DALLAS — The Produce Traceability Initiative is starting to catch on in 2012, the year it’s supposed to be fully implemented.
But it’s finding more adoption south of the U.S.
“Mexico and Latin America has embraced PTI more than Canada and the U.S. because it’s so critical to their economies,” said Phil Penny, vice president of information technology for Pro*Act, Monterey, Calif.
Penny spoke at a May 2 workshop in the Wholesaler-Distributor series at United Fresh 2012.
Penny estimated that fewer than 20% of cases handled by Pro*Act companies are PTI-compliant using Global Trade Identification Numbers, and he considers his company among those that have bought into PTI.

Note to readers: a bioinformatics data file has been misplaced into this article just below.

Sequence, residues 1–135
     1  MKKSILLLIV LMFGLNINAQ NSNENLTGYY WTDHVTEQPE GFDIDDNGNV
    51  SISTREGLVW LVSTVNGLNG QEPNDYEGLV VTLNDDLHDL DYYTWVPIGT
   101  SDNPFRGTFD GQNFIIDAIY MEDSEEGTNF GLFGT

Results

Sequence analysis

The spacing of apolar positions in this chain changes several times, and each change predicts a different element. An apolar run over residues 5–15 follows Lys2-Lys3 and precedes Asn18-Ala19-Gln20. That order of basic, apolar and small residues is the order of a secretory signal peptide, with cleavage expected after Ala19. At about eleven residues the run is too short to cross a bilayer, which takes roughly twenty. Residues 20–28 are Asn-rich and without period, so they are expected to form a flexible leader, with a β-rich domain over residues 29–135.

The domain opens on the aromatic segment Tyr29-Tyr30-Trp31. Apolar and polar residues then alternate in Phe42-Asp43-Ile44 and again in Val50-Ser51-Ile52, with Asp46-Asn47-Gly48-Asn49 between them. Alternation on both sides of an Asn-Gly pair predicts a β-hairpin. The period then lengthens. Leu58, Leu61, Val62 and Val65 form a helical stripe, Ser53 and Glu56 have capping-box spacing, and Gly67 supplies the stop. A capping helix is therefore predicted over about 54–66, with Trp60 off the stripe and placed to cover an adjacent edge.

Casey Precourt, project manager for Charlie’s Produce, Seattle, reminded the audience that PTI isn’t just about food safety, but it’s also about investing in good business.
He said his company knew it needed to get a warehouse management system that was user-friendly and used voice-pick technology.
After a more-than $1 million purchase, he said the return on investment is already evident.
In the first year, Charlie’s saw a 0.25% improvement on mis-picks in the warehouse, which translated to about $500,000 in savings, Precourt said.
“We’re no longer a see-and-do warehouse,” he said.
Both agreed that large retailers would still drive industry adoption.